Concerns over rising tuition costs and new student fees haven’t dimmed interest in California’s public university systems. Both the University of California and California State University saw a record number of applications from high school seniors and transfer students this year, according to figures released Thursday.
UC reported that 193,873 students applied to at least one of its nine undergraduate campuses during the application cycle that ended on Nov. 30, a 5.8 percent increase over last fall and the 11th consecutive year of record high numbers. At the 23-campus CSU system, the number of applicants was up 2.3 percent this fall, to 290,473, the sixth consecutive record high for the university.
It’s unclear how many more of those students UC and CSU will be able to accept. Both universities have budgeted for only modest enrollment increases in the coming year – 1 percent at UC and 3 percent at CSU – though they are pushing the state for more money to meet growing demand.
UC launched a major political battle last month when it approved potential 5 percent tuition hikes for each of the next five years, in part to fund new student slots, over the objections of Gov. Jerry Brown and legislative leaders. CSU has been embroiled in its own controversy over campus-based “success fees” that some students have complained are a workaround to a promised tuition freeze, stirring concerns over affordability in higher education.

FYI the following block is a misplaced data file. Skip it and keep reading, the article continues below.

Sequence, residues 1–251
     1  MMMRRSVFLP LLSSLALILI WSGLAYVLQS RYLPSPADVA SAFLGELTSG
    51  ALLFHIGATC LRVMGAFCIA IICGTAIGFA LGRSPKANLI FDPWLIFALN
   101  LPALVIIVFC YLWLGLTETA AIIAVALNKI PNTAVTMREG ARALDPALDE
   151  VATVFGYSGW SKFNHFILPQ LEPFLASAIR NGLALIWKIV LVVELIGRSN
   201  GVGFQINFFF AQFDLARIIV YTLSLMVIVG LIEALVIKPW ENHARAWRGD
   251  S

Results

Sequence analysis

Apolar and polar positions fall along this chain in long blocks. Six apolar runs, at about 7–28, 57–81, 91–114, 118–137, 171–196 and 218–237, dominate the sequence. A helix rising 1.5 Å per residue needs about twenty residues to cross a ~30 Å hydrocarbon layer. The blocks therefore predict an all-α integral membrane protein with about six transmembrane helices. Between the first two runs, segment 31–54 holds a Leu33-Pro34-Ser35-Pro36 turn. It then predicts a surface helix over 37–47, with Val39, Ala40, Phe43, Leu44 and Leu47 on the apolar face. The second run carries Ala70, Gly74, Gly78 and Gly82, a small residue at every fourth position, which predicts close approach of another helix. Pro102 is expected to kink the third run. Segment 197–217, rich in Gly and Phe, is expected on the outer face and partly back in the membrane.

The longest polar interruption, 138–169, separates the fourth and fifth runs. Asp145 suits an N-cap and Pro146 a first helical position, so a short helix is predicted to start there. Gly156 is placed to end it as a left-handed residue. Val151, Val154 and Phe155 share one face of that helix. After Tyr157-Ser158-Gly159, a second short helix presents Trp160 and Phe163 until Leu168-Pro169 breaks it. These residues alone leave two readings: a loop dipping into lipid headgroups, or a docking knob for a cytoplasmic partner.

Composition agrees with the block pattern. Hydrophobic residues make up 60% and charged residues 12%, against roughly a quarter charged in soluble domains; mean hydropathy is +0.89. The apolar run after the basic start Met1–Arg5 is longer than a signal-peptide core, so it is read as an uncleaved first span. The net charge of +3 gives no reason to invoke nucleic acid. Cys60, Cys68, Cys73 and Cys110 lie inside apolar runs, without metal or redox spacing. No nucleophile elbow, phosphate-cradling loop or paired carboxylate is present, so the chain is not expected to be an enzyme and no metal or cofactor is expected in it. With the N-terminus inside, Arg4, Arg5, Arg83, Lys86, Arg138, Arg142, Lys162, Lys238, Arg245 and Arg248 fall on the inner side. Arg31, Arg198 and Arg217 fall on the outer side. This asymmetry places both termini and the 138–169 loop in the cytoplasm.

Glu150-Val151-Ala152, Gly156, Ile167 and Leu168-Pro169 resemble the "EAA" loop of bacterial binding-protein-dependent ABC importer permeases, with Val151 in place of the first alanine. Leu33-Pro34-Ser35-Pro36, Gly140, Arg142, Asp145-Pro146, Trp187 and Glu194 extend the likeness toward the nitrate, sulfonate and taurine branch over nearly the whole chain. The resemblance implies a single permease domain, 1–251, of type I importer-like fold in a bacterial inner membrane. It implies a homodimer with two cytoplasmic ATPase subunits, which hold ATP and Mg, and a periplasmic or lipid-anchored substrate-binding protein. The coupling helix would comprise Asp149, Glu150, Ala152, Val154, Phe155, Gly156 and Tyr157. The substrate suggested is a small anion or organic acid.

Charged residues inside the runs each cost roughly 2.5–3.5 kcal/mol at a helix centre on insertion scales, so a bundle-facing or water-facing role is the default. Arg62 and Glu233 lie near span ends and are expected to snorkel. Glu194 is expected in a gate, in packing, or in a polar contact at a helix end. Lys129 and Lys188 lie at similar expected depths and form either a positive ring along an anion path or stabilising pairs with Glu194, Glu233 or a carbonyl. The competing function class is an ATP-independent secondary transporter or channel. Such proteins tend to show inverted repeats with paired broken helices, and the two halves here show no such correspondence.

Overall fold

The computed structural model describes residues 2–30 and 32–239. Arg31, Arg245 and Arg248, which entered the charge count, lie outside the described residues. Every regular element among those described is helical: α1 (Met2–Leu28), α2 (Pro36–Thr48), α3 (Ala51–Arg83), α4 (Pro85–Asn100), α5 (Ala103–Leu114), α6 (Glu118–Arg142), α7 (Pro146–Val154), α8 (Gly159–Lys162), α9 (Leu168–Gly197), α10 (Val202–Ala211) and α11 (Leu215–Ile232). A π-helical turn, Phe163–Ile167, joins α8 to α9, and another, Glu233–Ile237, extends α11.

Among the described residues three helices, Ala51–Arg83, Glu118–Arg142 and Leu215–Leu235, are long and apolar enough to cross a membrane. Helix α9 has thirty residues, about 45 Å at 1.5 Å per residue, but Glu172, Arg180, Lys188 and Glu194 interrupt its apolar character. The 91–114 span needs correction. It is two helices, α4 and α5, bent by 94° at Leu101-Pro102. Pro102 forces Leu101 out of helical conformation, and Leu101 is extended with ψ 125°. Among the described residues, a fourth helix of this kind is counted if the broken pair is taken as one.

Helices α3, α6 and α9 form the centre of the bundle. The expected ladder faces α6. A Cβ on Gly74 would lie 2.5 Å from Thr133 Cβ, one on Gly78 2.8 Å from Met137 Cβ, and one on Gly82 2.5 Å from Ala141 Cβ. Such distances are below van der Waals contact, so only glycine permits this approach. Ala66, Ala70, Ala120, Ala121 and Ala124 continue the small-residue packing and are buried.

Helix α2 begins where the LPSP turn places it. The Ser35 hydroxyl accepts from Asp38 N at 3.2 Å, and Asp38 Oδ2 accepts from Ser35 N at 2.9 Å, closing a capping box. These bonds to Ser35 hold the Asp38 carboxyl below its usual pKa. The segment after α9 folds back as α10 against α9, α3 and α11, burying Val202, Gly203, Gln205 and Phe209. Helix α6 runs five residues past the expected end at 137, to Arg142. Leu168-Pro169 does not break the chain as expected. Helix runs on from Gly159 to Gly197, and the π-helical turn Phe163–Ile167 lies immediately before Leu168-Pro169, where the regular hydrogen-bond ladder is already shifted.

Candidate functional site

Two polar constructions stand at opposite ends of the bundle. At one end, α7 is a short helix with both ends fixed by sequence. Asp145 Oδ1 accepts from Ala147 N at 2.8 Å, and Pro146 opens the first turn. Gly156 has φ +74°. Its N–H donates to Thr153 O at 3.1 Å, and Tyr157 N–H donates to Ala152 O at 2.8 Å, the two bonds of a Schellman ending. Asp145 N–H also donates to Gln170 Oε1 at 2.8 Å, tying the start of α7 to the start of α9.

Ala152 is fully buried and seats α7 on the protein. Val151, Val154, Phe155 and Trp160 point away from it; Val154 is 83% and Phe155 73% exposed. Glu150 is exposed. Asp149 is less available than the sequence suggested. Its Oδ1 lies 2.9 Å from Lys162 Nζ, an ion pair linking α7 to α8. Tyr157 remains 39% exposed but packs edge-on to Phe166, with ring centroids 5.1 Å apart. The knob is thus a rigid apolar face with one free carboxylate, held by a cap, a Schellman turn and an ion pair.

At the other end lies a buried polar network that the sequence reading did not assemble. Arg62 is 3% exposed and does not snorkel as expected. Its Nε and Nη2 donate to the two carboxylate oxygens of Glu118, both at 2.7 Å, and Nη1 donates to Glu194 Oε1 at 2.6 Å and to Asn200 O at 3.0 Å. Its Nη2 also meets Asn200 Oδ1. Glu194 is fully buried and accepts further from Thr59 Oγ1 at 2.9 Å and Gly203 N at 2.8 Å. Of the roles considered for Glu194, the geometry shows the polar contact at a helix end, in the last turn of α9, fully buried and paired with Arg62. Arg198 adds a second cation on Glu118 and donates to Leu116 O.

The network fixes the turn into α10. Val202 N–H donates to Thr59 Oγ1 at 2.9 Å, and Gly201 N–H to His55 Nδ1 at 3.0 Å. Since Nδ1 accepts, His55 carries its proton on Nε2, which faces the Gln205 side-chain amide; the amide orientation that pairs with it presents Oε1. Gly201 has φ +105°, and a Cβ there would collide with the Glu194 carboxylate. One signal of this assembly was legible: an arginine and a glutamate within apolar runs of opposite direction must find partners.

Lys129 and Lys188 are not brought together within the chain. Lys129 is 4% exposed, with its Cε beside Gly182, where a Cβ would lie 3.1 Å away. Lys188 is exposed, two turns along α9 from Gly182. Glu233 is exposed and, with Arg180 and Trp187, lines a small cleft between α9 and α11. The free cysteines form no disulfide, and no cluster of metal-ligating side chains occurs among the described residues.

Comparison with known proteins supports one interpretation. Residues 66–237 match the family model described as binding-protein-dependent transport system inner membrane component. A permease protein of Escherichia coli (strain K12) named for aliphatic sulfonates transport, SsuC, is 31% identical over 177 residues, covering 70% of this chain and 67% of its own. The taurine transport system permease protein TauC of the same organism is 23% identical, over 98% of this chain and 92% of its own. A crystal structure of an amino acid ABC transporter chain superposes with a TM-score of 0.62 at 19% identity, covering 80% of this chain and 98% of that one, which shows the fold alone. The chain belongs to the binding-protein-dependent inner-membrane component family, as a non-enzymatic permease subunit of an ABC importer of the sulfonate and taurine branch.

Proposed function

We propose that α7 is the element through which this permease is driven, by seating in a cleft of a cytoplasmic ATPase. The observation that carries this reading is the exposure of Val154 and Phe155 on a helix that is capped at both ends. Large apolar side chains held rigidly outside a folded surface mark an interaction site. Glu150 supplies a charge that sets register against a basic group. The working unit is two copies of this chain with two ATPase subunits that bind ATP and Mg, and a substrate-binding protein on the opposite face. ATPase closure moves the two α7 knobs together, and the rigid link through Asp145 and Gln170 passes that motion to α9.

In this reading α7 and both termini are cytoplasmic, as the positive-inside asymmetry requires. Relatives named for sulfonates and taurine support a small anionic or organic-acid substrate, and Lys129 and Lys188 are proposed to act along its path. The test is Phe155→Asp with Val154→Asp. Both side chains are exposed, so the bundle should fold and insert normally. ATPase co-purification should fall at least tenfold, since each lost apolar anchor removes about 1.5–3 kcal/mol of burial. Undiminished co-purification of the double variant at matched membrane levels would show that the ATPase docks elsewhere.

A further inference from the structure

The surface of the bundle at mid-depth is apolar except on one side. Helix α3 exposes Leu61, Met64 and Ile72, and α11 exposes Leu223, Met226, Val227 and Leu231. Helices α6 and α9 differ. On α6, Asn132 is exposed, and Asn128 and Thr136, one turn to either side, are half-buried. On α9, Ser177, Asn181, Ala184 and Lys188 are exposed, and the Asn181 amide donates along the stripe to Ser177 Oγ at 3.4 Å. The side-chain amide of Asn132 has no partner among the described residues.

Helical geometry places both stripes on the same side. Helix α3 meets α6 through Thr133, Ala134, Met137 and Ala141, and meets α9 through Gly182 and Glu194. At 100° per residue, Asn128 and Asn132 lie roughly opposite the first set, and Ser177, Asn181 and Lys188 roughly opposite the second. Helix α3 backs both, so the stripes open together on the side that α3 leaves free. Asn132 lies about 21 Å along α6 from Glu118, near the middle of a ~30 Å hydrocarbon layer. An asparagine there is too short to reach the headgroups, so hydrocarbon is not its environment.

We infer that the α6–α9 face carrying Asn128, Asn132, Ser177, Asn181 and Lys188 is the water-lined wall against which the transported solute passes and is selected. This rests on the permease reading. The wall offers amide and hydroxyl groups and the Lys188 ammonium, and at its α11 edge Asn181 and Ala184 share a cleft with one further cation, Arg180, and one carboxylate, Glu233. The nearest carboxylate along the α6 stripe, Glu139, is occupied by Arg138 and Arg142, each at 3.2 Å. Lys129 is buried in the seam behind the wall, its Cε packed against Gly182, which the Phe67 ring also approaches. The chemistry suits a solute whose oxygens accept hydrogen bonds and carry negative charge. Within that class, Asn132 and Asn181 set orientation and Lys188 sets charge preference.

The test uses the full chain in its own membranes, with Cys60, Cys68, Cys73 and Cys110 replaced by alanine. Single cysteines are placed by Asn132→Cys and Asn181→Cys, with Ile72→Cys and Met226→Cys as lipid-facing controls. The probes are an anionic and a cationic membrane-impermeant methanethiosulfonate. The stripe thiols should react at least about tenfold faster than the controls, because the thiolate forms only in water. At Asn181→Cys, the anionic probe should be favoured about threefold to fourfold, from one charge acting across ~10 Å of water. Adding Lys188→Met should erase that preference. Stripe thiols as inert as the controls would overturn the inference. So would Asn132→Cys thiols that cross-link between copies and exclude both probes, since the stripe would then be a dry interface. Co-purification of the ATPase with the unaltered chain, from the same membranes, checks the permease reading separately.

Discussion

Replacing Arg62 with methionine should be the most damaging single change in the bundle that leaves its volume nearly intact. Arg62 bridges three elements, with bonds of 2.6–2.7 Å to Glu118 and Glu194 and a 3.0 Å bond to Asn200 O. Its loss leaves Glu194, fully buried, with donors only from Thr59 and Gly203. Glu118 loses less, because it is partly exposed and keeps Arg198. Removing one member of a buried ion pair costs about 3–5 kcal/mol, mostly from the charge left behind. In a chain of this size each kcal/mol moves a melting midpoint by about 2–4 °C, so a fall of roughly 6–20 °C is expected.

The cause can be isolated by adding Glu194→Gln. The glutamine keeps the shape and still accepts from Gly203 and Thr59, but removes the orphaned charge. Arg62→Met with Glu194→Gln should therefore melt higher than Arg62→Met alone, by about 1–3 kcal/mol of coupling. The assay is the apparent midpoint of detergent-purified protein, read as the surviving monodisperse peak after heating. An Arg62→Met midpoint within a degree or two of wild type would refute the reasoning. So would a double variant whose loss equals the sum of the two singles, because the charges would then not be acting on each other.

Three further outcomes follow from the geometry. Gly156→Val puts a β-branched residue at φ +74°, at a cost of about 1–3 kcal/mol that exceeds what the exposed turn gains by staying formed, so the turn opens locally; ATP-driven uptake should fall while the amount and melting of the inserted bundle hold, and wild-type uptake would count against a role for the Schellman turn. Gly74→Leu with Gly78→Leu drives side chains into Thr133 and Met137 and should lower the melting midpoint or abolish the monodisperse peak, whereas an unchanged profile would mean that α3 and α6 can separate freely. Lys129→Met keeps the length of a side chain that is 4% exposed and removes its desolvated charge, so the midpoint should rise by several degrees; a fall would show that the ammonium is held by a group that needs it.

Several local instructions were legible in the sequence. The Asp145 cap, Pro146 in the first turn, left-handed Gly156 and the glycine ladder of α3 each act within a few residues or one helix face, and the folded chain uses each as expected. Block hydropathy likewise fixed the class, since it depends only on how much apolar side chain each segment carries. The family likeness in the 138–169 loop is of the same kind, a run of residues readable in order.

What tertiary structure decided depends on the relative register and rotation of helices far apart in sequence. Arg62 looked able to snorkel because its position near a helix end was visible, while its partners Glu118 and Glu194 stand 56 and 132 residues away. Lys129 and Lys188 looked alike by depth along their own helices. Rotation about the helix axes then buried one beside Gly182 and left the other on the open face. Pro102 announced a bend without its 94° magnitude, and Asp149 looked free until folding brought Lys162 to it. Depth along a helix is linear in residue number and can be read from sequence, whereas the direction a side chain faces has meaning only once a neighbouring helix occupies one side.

Michele Siqueiros, president of the higher education advocacy group Campaign for College Opportunity, said the growth in applications is inevitable with California’s changing demographics, as well as record high school graduation rates and the demands of the economy.
“Regardless of the cost, the value of a college degree is just pretty clear to young people,” she said.
But the rising cost of a UC or CSU education may deter students who are admitted from actually attending, Siqueiros added. “Students and families across the state are not going to check that box and send their first tuition check in until they’re sure they can afford it.”
Tuition decisions made by the universities and funding for financial aid from the state, she said, “will affect who gets to go.”
It’s become increasingly competitive at UC, where admissions at the premier Berkeley and Los Angeles campuses dipped below 20 percent of applicants for the first time last year. Applications from high school seniors were up to 158,146 this fall, more than double the number a decade ago.
At CSU, first-time freshman applications jumped more than 4 percent to 185,125, while transfers dipped slightly, by about half a percent.
The most popular CSU campuses were Long Beach, which received 83,415 applications, and San Diego, which received 80,606. Applications to Sacramento State were up 5.5 percent from last year, to 34,271. Campus-specific data for UC will be available in January.
Both systems boasted of their growth in Latino applicants, who now make up the largest percentage of applicants from California.